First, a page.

7.06_2004_PS2 - 7.06 Spring 2004 PS 2 1 of 4 7.06 Problem...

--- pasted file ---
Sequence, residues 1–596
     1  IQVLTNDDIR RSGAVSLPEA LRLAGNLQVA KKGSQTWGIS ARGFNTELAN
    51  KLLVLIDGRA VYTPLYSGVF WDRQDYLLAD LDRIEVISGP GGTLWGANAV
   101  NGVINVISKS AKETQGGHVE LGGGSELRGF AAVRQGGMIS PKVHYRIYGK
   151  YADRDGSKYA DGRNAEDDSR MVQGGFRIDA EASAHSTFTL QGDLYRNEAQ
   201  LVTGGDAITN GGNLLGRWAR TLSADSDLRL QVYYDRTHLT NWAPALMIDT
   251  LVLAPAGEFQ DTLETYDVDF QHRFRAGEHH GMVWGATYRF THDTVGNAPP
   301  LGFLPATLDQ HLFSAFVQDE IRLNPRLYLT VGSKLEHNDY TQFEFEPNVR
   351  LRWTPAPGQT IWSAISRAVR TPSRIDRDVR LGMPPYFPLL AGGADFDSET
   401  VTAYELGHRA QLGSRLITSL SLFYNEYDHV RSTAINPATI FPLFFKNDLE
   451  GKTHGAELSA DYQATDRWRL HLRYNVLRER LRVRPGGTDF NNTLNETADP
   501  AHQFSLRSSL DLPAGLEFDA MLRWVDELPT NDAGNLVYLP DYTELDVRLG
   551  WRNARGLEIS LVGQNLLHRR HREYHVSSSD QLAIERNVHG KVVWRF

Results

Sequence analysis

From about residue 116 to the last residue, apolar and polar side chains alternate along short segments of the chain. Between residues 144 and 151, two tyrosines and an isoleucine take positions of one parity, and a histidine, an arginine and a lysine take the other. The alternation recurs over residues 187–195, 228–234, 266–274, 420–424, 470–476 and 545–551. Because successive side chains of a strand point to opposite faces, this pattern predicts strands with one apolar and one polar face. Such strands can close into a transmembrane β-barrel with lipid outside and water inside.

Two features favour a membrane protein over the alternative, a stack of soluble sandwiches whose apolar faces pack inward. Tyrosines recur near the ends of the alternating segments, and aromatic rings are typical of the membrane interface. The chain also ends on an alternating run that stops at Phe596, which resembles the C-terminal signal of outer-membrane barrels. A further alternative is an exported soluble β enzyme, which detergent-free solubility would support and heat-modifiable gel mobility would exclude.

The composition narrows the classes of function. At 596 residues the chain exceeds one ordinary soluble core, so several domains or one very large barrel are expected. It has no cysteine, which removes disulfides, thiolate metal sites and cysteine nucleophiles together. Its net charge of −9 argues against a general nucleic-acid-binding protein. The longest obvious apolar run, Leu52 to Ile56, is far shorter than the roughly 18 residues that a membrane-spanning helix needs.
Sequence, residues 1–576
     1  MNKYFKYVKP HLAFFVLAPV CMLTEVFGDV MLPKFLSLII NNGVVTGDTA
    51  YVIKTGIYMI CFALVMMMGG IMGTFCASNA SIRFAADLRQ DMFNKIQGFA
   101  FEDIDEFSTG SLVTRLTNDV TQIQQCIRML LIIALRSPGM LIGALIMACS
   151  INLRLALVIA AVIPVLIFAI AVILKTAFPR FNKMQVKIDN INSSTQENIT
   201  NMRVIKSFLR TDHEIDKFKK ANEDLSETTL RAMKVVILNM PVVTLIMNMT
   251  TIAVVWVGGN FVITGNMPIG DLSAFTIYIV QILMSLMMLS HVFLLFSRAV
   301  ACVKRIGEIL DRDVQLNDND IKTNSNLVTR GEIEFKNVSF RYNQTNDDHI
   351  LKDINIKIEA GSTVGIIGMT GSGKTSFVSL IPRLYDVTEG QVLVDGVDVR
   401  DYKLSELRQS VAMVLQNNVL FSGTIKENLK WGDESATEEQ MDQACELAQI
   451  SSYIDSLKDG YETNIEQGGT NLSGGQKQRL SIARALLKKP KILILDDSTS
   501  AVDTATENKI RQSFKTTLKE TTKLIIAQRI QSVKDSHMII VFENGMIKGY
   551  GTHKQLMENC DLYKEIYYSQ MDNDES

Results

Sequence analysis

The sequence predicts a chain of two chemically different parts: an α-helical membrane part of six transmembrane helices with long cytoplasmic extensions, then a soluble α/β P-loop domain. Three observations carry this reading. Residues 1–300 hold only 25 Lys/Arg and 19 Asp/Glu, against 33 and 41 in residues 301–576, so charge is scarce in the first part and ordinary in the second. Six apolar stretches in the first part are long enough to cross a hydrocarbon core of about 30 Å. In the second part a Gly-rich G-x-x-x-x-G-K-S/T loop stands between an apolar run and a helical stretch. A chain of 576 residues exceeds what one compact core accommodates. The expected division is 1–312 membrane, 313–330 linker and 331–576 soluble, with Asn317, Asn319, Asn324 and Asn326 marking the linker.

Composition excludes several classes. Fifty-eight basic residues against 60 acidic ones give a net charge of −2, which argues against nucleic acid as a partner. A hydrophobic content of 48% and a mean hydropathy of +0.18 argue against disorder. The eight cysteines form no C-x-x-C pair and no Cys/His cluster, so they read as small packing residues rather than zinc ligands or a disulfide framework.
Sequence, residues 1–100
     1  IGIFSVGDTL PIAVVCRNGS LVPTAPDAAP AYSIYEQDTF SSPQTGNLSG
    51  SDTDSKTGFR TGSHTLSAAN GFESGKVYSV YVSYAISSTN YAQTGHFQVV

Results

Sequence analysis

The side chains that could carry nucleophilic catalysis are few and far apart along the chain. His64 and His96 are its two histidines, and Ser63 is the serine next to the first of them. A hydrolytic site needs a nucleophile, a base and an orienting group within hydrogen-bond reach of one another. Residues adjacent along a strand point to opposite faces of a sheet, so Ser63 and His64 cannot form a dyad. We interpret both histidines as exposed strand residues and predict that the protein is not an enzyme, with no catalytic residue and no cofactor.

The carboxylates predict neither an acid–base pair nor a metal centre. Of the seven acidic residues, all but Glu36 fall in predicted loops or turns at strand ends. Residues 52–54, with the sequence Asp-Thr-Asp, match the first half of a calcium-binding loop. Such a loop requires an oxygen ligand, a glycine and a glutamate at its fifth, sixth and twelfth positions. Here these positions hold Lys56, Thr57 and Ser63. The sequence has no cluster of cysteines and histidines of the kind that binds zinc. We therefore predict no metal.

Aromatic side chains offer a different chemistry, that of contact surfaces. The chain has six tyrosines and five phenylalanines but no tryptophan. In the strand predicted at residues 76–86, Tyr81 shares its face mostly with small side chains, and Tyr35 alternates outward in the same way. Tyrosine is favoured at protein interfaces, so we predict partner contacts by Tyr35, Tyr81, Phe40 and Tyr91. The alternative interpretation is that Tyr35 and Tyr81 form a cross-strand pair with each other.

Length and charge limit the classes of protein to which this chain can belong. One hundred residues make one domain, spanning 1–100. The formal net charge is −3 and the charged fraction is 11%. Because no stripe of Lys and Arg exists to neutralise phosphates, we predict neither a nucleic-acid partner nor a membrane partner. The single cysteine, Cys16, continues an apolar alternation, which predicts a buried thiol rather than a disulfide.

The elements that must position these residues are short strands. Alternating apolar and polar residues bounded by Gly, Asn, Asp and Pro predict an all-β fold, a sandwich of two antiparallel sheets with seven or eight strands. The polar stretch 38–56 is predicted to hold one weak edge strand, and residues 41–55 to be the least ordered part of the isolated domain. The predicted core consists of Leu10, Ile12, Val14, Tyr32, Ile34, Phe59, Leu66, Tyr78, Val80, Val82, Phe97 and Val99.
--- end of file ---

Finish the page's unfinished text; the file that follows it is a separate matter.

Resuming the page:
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Unformatted text preview: 7.06 Spring 2004 PS 2 1 of 4 7.06 Problem Set 2 1) You have started working in lab that investigates signaling pathways downstream of TGFß receptors. One of the senior graduate students has been working on a screen for novel TGFß’s and has one that she thinks might interest you—she calls it TGFß57. She’s already cloned the gene so you can make pure TGFß57. You decide to take up the challenge of characterizing this new growth factor. a) You would first like to find some high affinity receptors that bind your novel growth factor. Design an experiment to identify the cell-surface TGFß57 receptors. b) You would now like to investigate the binding properties of TGFß57. You decide to look at the maximal physiological response of TGFß57R to TGFß57. Based on the graph below determine the Kd (in relative concentration) of TGFß57 binding, the percentage of receptors occupied at 50% of maximal physiological response, and the percentage of maximal physiological response when half the receptors are occupied. What does this tell you about the percentage of bound receptors needed to achieve maximal response? *** NOTE: y-axis label: Fraction of maximum cellular response c) You would now like to determine the binding affinity of TGFß57 for the TGFß57 receptor that you have been working with. Design an experiment to measure the Kd of TGFß57 binding high- affinity receptors in a cultures fibroblast cell line. Explain how you would deal with TGFß57 binding nonspecifically to low-affinity receptors. d) Using the specific binding curve below, determine the Kd of TGFß57 for high-affinity receptors. Also, find the total number of receptors per cell. *** NOTE: y-axis label: [I125] TGFb-57 Bound (molecules per cell) 7.06 Spring 2004 PS 2 2 of 4 e) You’d now like to determine the sensitivity of these cells to TGFß57. You know that the Kd for binding TGFß57 to its receptor is about 1X10-8 and you know there are a total of 19,000 receptors per cell. You have previously determined that only 13% of the 19,000 receptors must be bound to obtain the maximal cellular response. Determine the TGFß57 concentration needed to induce the maximal response. What would be the concentration of TGFß57 required to obtain maximal response if there were only 5000 receptors per cell, what is the fold difference compared to the normal concerntration you just calculated, and would this make the cell more or less sensitive to TGFß57? Why might a cell want to regulate the number of receptors to a given external signal? f) If TGFß57 binding to its receptor had occurred with a low affinity (a Kd higher than 1X-7M), you couldn’t have measured the Kd by performing the binding assay from above. How could you have determined the Kd if this had been the case? 2. A colleague in your lab discovers that the binding of TGFb57 to its receptor turns on expression of a gene that inhibits cell growth, SloGro. SloGro is frequently mutated in cancers, and you suspect that components involved in the TGFb57 signaling pathway might also be relevant to cancer research. You decide to set up a cell culture screen to identify proteins involved in TGFß57 signaling. Your screen is a success, and you isolate a number of cell lines that have mutations in the TGRb57 signaling pathway. A) Explain how the following mutations would affect TGFb57 signaling. Assume that the basic components of the b57 pathway are identical to the canonical TGFb signaling pathway. i)The MH1 domain of Smad 3 is missing. 7.06 Spring 2004 PS 2 3 of 4 ii)R1 has a truncated cytoplasmic tail and cannot be phosphorylated. iii) Smad 7 is constitutively active. iv) You also isolate a version of Smad3 that cannot bind DNA, and find that this mutant version exerts a dominant negative effect on the TGFß57 pathway. Give one possible mechanistic explanation for how mutant Smad3 could act dominant negatively on the pathway. 3) Epineprhine increases the concentration of glucose 1-phosphate in wild type liver cells. Explain how the following mutations would affect the glucose 1-phosphate concentration within an epinephrine stimulated liver cell. i) The cell contains a PKA with a nulceotide binding site that is unable to bind cAMP. ii) The cell contains an unphosphorylatable version of Inhibitor of Phosphoprotein Phosphatase. iii) The cell contains a mutant version of Gsa that cannot hydrolyze GTP . 4) a) Given the following values, calculate the electrochemical equilibrium potential of each ion (F=23, 062cal/(mol V), R = 1.987 cal/K mol, T = 293K). K+out = 3 mM Na+out = 117 mM Cl-out = 120 mM K+in = 90 mM Na+in = 30 mM Cl-in = 4 mM b) What does the electrochemical equilibrium potential reflect/what is true at the electrochemical equilibrium potential? c) If one reduces the magnitude of the K+ concentration gradient across the cell, one will increase/decrease (circle one) the equilibrium potential. Why? d) Assume that the resting membrane of a cell is determined primarily by the equilibrium potential of potassium. If you insert an electrode into this cell and clamp the membrane voltage to +20 mV, would K+ be moving into or out of the cell through the potassium channels (K+out = 3 mM, K+in = 90 mM)? e) You isolate cells that have only K+ channels. You also have a drug that causes this channel to open. With a voltage clamp apparatus, you find, as expected, that in the presence of the drug the membrane potential is dependent on the concentration of extracellular K+ used in the experiment. 7.06 Spring 2004 PS 2 4 of 4 At one concentration of K+ of 5 mM, you find that the membrane potential is -80.5 mV. From this information, calculate the intracellular K+ concentration. 5) You are doing a summer internship in a lab that studies a recently discovered receptor called RKR. It is a G-protein coupled receptor that is expressed in kidney cells and found to be mutated in patients with a kidney disease. You sequence the receptor in 100 patients and find that the mutations fall into two classes, A and B. Unlike wildtype RKR, both mutants fail to increase cellular levels of cAMP. (i)The ligand for the RKR receptor is called MC. How could you find out if the mutant receptors are expressed on the surface of kidney cells? (ii)You find that mutant A is localized to the membrane at approximately the same levels as wildtype but mutant B has very low levels of RKR receptor on the surface. Mutation A lies in the conserved C3 loop, which is known to be important for binding and activation of the Ga subunit. How could you determine whether Ga becomes activated in cells expressing mutant A? (iii) While trying to understand the basis for mutant B you look at receptor localization in the presence and absence of ligand using the GFP tagged versions of the receptors from part (i). What do you expect to see in the wildtype cells after extended exposure (30mins) to ligand? In the cells expressing mutant B the receptor is found to localize predominantly to the cytoplasm in the presence or absence of ligand. How could you explain this? How could you demonstrate this experimentally? (iv) The RKR receptor has a conserved motif in the cytoplasmic portion of the protein that contains Ser-Ser-Thr. You want to show that if you prevent the constitutive b-arrestin mediated endocytosis of the mutant B version of the RKR receptor that it will then be capable of signaling Your advisor suggests that you mutate all three residues to alanine in the mutant receptor? Why does he choose these three residues? Why does he suggest mutating them to alanine? ...